Adrienn Lichthammer, Barbara Nagy, *Csaba Orbán, Tímea Tóth, Róbertnè Csajbók, Szilvia Molnár, Katalin Tátrai-Nèmeth, Márta Veresnè Bálint
A comparative study of eating habits, calcium and vitamin D intakes in the population of Central-Eastern European countries
Department of Dietetics and Nutrition Sciences, Institute of Applied Health Sciences, Faculty of Health Sciences, Semmelweis University, Budapest, Hungary
Head of Department: Katalin Tátrai-Nèmeth, PhD
Introduction. Vitamin D and calcium intake have got crucial role in the well-balanced, health promoting diet. Many studies indicated that population of different countries can be characterised by inadequate intake of both nutrients. Up to date data are not available from the population of Central-Eastern European countries.
Aim. Compare the eating habits of Central-Eastern European countries, in particular to calcium and vitamin D intake.
Material and methods. Participating people from the investigated countries were randomly selected. 60 Austrian, 187 Polish, 106 Hungarian and 81 Slovenian volunteers were involved. Data were obtained by a self-developed questionnaire, as well as semi-quantitative food frequency questionnaire (sq-FFQ). Data processing was executed by NutriComp FFQ, and GraphPad Prism 5.0 softwares.
Results. All of the four investigated countries, excessive energy intake was observed, and the associate overweight and obesity as well. Highest calcium intake was recorded in the Hungarian population, while the lowest in Slovenia. Vitamin D intake was critically low in both of the countries.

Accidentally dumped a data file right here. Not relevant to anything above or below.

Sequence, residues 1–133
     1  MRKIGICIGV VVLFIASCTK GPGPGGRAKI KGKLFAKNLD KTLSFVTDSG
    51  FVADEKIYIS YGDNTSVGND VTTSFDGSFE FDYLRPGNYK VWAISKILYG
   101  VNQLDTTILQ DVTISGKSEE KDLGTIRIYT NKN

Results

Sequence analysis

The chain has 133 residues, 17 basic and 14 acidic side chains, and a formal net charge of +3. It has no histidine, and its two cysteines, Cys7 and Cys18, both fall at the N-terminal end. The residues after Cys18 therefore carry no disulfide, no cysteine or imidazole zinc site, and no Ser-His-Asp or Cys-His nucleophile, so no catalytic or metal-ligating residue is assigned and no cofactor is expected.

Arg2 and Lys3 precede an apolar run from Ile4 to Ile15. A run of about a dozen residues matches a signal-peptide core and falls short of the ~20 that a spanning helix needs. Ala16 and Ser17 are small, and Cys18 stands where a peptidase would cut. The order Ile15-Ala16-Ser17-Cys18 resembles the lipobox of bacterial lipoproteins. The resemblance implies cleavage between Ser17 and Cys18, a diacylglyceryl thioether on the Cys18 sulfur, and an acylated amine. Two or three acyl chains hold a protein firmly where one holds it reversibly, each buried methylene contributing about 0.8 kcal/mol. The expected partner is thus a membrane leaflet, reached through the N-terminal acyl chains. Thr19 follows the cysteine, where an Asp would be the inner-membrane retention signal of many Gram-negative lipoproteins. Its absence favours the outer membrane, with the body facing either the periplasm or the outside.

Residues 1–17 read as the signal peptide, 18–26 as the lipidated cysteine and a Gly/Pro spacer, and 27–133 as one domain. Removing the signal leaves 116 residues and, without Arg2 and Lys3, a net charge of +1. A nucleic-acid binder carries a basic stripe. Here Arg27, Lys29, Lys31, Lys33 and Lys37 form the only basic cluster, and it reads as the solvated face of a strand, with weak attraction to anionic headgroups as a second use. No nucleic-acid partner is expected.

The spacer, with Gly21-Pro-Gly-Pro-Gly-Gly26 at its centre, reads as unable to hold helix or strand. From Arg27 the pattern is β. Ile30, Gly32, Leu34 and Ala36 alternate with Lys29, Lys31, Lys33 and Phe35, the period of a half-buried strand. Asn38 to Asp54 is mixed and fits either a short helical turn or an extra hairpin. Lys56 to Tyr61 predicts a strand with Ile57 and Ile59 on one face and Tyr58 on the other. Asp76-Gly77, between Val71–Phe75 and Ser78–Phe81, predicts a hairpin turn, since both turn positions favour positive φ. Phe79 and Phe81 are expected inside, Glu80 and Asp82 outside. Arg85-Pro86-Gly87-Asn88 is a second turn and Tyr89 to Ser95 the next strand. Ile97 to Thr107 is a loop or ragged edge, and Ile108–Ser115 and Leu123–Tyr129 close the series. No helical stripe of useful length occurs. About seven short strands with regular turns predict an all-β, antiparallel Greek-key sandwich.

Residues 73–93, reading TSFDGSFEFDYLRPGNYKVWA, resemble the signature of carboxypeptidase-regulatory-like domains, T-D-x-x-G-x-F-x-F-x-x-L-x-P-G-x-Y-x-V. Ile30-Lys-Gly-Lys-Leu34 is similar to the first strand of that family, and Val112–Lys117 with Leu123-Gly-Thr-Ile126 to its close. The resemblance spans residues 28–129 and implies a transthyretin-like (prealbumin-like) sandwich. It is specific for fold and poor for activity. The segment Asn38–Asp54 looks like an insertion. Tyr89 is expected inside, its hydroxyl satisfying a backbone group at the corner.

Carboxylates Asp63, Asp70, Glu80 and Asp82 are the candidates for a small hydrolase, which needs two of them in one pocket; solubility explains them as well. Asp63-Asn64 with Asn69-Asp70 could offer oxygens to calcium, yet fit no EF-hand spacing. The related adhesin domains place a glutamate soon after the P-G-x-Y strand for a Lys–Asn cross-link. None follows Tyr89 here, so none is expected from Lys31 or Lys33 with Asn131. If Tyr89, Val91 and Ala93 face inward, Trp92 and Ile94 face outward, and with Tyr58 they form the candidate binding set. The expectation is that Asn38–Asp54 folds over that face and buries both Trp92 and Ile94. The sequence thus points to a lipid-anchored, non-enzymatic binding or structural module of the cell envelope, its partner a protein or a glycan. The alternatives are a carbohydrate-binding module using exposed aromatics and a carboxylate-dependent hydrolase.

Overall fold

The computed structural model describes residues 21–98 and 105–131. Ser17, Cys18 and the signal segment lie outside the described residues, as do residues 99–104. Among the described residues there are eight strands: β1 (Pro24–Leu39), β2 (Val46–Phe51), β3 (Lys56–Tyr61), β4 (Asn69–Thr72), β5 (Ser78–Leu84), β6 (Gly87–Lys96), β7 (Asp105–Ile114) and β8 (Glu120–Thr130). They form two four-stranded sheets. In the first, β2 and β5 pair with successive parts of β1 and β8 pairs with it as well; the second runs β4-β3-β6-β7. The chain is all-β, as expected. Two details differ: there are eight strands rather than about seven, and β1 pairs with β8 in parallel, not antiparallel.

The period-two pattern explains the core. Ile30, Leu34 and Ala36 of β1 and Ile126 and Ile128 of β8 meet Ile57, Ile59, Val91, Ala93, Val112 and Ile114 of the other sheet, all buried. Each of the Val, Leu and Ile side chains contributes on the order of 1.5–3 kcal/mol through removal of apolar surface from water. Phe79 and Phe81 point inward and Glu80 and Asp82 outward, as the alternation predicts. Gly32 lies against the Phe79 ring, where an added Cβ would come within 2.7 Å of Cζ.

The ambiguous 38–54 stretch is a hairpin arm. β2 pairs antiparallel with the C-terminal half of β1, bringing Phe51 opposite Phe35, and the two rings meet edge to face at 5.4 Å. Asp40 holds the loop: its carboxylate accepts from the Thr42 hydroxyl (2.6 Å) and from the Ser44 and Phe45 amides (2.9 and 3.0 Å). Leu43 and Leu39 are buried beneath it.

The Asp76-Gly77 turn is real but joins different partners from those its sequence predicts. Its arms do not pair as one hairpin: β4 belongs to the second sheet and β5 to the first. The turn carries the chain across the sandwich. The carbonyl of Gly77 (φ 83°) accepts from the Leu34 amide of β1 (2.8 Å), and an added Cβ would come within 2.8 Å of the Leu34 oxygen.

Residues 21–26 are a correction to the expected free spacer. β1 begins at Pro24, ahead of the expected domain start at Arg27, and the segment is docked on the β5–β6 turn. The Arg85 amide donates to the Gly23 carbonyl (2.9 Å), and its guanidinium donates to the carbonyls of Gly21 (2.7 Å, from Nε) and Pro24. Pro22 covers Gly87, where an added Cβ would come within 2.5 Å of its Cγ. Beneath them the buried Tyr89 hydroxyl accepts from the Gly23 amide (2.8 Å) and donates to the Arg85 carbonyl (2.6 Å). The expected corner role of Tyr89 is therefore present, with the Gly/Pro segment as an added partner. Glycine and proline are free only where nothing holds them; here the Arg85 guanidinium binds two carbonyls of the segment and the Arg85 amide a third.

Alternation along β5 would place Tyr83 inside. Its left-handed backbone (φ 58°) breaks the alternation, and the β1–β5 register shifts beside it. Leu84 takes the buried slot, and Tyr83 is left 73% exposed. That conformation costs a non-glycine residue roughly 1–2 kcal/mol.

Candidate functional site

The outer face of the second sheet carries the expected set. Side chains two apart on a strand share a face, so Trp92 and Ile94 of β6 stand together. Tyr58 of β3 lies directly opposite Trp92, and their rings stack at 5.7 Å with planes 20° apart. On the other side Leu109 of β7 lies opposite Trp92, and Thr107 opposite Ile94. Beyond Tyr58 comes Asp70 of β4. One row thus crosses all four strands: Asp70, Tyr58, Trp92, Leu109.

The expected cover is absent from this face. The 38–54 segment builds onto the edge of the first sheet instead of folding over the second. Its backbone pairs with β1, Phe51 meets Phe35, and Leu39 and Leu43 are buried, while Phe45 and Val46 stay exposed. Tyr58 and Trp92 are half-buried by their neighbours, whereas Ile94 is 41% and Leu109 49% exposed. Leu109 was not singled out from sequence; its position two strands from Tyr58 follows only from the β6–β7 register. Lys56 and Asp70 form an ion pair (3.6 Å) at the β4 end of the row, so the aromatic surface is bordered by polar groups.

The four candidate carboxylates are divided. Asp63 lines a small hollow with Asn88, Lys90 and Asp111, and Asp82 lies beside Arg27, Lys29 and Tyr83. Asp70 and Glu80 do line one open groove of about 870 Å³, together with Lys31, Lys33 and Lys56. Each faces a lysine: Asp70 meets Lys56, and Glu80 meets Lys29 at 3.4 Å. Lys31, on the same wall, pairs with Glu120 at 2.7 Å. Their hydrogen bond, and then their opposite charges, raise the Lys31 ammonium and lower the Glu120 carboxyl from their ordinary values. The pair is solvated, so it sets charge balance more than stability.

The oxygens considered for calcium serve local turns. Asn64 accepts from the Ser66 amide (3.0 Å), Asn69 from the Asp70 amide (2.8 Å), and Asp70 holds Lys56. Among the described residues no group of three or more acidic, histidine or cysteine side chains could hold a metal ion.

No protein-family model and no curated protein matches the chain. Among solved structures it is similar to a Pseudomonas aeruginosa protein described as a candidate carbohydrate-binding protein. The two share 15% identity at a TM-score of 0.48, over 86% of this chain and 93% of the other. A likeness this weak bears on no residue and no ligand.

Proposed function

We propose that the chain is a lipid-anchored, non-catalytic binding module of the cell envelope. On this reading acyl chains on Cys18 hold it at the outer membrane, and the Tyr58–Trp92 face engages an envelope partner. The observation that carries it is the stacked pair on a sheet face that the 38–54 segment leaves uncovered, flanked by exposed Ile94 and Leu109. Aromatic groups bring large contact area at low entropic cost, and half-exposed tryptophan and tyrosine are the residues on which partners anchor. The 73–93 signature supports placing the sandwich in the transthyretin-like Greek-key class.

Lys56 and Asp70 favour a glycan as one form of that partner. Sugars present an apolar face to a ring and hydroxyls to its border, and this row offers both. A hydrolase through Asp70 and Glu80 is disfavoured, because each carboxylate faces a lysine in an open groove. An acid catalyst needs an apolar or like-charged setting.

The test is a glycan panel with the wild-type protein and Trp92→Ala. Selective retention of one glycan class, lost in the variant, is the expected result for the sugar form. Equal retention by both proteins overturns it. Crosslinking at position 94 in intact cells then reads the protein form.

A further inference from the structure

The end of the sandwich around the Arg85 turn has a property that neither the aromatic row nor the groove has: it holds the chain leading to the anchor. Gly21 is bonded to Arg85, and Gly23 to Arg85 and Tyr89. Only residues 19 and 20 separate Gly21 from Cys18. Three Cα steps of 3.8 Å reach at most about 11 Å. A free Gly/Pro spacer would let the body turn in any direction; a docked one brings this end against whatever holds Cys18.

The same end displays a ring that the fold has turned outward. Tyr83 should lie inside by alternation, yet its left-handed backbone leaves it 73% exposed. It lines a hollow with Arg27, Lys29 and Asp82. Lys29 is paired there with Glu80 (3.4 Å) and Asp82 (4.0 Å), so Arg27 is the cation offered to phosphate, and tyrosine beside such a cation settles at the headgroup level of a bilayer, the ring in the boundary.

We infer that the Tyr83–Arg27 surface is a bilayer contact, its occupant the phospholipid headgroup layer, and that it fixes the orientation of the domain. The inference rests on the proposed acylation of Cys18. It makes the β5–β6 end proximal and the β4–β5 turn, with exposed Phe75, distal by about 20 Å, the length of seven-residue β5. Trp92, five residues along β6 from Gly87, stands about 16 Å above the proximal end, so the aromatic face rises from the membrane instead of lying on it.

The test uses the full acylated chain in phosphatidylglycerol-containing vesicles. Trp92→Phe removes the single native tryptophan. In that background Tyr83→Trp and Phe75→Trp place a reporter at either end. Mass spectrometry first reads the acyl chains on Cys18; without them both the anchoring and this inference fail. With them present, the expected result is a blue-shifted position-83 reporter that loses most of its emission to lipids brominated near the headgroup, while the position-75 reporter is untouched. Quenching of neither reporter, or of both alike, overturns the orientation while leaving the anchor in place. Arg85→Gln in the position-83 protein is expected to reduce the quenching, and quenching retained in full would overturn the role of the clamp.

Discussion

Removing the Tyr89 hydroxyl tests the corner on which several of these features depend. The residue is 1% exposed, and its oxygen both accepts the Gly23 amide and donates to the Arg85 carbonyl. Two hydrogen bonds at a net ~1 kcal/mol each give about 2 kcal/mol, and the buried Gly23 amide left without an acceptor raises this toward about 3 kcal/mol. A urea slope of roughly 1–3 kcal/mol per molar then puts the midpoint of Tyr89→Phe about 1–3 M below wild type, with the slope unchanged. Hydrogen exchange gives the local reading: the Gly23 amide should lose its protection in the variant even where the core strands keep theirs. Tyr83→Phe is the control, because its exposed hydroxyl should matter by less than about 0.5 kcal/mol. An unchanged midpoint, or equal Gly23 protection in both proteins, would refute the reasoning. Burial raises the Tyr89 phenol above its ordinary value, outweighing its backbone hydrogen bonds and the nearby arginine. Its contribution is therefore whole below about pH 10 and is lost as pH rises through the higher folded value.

Conclusions. Awareness campaign is necessary to inform the population about the dangers of the low intake of calcium and vitamin D (e.g. increased risk of osteoporosis, and higher incidence of upper respiratory tract infections). Prevention strategies should be also prepared with the inform of the participating volunteers.
Results of several studies brought the recognition of many risk factors associated with inappropriate nutrition, and we get better picture about the relationship between inaccurate eating habits and the prevalence of chronic, non-communicable diseases. Now we know that the quality of menu, and nutrition itself can clearly affect the years spent in good health, and one’s habits can increase or decrease the length of lifespan.
It is also an evidence that it’s more economical to prevent diseases than to treat them, thus obtaining information about the nutritional health status by surveys has got a crucial role. Those longitudinal studies which give information about the nutrient intake frequencies of the population have especially significant relevance in this field (1-3).
Researches executed in recent years highlight the important role of vitamin D in human physiology. It effects the immune function, and inadequate intake can lead to an increased risk of Type 1 Diabetes Mellitus, hypertension, and colorectal carcinoma as well (4). From the viewpoint of bone health, it is necessary to investigate vitamin D and calcium intake simultaneously as mainly these two factors contribute to bone development, and thus determine bone density itself. Although they are key nutritional elements of healthy nutrition, from literature we know that a population can be characterised by inadequate intake of both of these two components. Because of these, we aimed to investigate the calcium and vitamin D intake of Hungarian and other Central-Eastern European countries’ populations.